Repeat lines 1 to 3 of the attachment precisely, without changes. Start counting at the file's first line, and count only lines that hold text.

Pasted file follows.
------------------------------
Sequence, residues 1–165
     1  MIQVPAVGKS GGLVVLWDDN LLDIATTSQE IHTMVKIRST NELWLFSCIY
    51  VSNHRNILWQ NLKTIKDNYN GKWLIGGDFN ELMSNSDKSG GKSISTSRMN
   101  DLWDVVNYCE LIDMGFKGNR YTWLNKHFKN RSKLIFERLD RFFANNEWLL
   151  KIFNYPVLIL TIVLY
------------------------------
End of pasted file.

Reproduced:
Sequence, residues 1–165
     1  MIQVPAVGKS GGLVVLWDDN LLDIATTSQE IHTMVKIRST NELWLFSCIY
    51  VSNHRNILWQ NLKTIKDNYN GKWLIGGDFN ELMSNSDKSG GKSISTSRMN